Skip to main content

Installing a soundproof ceiling (video)

Installing a soundproof ceiling 


This video from Rockwool North America demonstrates some principles of soundproofing a room from upstairs noise. They're using Rockwool (Roxul) Safe 'N Sound batts -- a dense, fire-retardant product that insulates for sound much better than fiberglass, and is flame-resistant.

I'll add two more suggestions here.

1) Before you add the batts, affix a layer of drywall with Green Glue (and a few screws) to the backside of the upstairs subfloor. This should add some mass and dampening to the footfalls from above. This means cutting a length of drywall to fit against the flooring, between each ceiling joist.

2) Use a dual-layer soundproof drywall, not just any drywall, for the ceiling itself. A single layer of drywall -- even though it's hung on the resilience channels -- will still not be as effective without further mass or dampening. Look into QuietRock or Supress drywall.

You can buy Rockwool (Roxul) insulation from Amazon, Lowe's, and Home Depot.

Here's the video!

Comments

  1. thank you very much for sharing this video about Installing a soundproof ceiling with us. Really it's helpful for me.
    Domestic Soundproofing

    ReplyDelete
  2. This comment has been removed by the author.

    ReplyDelete

Post a Comment

Popular posts from this blog

Combining QuietRock and Green Glue together

Two great products work great together. As I've mentioned before, I'm experimenting around with ways to reduce some of the noise problems in my apartment on a tight budget. I think I've found the best combination to date: adding a layer of QuietRock 510 over an existing layer of gypsum drywall with a layer of Green Glue inbetween.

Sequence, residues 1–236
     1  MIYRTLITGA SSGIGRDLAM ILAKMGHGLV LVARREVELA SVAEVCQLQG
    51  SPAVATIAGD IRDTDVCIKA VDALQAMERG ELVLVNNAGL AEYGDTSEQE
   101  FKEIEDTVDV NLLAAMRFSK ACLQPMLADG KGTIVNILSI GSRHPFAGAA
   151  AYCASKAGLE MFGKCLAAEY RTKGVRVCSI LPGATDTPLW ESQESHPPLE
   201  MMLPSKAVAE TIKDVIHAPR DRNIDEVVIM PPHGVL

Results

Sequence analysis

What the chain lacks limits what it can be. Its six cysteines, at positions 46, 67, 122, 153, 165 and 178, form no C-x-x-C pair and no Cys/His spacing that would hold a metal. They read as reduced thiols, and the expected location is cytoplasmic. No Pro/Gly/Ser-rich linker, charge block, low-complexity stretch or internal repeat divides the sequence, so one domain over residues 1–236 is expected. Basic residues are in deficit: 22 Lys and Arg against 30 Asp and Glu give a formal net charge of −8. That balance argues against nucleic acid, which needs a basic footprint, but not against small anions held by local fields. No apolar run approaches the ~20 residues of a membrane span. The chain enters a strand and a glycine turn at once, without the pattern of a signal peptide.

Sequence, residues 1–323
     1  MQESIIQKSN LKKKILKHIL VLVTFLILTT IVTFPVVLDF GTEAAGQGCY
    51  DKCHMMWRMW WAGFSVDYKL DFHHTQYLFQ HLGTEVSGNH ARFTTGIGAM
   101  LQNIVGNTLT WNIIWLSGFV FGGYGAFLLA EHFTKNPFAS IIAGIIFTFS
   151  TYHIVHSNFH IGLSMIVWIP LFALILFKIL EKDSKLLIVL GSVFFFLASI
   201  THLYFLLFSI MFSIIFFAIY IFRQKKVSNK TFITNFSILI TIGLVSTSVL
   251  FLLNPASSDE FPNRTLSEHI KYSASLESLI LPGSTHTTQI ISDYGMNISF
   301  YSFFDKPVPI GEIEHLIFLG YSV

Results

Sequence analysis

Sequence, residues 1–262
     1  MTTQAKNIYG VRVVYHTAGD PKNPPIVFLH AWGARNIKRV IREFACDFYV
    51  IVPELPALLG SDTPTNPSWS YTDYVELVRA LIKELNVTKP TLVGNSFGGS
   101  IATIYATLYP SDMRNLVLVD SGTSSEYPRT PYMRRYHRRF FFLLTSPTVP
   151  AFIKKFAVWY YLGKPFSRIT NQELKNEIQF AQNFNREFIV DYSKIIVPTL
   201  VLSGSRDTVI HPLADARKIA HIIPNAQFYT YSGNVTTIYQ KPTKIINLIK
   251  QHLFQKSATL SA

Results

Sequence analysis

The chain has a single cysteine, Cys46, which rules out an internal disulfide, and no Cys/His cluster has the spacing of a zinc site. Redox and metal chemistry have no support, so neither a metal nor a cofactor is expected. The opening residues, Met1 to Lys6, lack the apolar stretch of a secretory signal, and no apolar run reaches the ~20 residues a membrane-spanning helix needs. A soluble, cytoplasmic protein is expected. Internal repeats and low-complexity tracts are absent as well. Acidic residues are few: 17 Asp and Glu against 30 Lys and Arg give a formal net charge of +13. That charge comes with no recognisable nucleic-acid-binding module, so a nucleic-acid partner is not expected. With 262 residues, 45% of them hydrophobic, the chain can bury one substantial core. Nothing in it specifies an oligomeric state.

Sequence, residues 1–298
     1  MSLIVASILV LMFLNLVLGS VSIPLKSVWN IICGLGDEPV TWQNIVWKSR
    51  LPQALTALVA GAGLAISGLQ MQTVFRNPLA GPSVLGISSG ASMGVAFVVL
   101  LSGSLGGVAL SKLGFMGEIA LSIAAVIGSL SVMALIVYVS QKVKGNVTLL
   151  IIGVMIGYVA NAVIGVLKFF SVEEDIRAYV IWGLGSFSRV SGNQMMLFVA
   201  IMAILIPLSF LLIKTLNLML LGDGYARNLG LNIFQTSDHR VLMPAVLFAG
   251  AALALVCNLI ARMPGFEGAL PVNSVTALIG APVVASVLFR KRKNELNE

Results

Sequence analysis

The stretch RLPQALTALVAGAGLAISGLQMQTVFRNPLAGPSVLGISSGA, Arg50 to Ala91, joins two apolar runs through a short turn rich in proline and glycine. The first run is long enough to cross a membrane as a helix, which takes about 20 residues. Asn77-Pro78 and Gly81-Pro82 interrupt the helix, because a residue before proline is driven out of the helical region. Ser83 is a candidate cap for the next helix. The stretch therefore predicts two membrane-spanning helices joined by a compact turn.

This was sort of the best of both worlds: taking a pre-made, sound-dampened drywall and then adding it over a powerful, viscous layer of glue....onto drywall that was already on the wall studs. No demo needed. In this project, I basically added two sound-dampening layers to the original 1950s drywall (one layer in the QuietRock and the other layer created by the Green Glue) to address "flanking noise": feet, furniture, and shoes pounding on the bare floor of my downstairs neighbors' apartment. The amount of banging, bashing, and foot-stomping sounds coming from their very "wooden" apartment has been severe, and I've …

Blow-in cellulose and your hollow walls

It's not too late to insulate.  A few years ago, most American homes had no insulation in them. When a homeowner did insulate, it was usually with fiberglass batts.

Then along came some better products. One of them is blow-in cellulose insulation. Does it work? I can attest to this: YES. I've used it in walls and ceilings, and it works quite well for airborne noise. If you live in an uninsulated home and you hear your neighbors voices coming through your walls or ceilings, cellulose will dampen that noise or mute it entirely.

It doesn't work for all types of noise. But it doesn't eradicate impact noise. You might still hear the sounds of someone walking across a bare hardwood floor with their shoes on, for example, or hear wall-mounted cabinets opening and closing. There are other solutions for that, and by combining different solutions you can control most structural noise and create more privacy.

Low cost Blow-in insulation is inexpensive. You can hire a specialist …

Proper installation of suspended ceilings

Some of you might be thinking of installing a suspended (or "floating") ceiling with resilient channels to reduce sound transmission between upstairs and downstairs floors.

If you go this route and go to the expense and trouble of demolition and remodeling -- or you're building new construction -- make sure that you affix the channels properly to the wood framing. Improper installation can create a "fail" that continues to allow noise transmission between floors.

These illustrations on the UK website, Sound Service, shows a close up of how the resilient channel should be attached to wood floor joists, as does this UK website, Custom Audio Designs. Attaching them so that they flex away from the wood framing reduces vibration that typically transfers from floor to floor, and this is what's meant by the term "floating."

This page from Build with Mark explains the concept, though the photo is less clear. After attaching the channel to the joists or studs…